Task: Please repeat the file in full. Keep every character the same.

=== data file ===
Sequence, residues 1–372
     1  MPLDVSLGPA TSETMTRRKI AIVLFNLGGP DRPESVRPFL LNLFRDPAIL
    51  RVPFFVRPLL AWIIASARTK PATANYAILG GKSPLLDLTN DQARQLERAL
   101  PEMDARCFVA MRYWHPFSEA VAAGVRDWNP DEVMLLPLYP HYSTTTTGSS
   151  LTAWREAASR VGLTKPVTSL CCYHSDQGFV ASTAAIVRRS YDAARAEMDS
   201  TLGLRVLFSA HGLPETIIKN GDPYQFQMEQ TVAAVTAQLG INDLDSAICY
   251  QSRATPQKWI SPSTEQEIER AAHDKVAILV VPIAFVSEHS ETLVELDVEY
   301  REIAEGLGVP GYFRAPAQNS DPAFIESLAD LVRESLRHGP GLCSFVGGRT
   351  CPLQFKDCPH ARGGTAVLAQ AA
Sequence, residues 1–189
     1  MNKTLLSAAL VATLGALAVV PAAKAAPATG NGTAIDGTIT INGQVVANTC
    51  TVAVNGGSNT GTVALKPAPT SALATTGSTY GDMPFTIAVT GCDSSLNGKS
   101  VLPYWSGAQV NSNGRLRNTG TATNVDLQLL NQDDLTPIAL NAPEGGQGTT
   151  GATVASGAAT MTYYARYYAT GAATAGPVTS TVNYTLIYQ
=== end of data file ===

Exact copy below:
Sequence, residues 1–372
     1  MPLDVSLGPA TSETMTRRKI AIVLFNLGGP DRPESVRPFL LNLFRDPAIL
    51  RVPFFVRPLL AWIIASARTK PATANYAILG GKSPLLDLTN DQARQLERAL
   101  PEMDARCFVA MRYWHPFSEA VAAGVRDWNP DEVMLLPLYP HYSTTTTGSS
   151  LTAWREAASR VGLTKPVTSL CCYHSDQGFV ASTAAIVRRS YDAARAEMDS
   201  TLGLRVLFSA HGLPETIIKN GDPYQFQMEQ TVAAVTAQLG INDLDSAICY
   251  QSRATPQKWI SPSTEQEIER AAHDKVAILV VPIAFVSEHS ETLVELDVEY
   301  REIAEGLGVP GYFRAPAQNS DPAFIESLAD LVRESLRHGP GLCSFVGGRT
   351  CPLQFKDCPH ARGGTAVLAQ AA
Sequence, residues 1–189
     1  MNKTLLSAAL VATLGALAVV PAAKAAPATG NGTAIDGTIT INGQVVANTC
    51  TVAVNGGSNT GTVALKPAPT SALATTGSTY GDMPFTIAVT GCDSSLNGKS
   101  VLPYWSGAQV NSNGRLRNTG TATNVDLQLL NQDDLTPIAL NAPEGGQGTT
   151  GATVASGAAT MTYYARYYAT GAATAGPVTS TVNYTLIYQ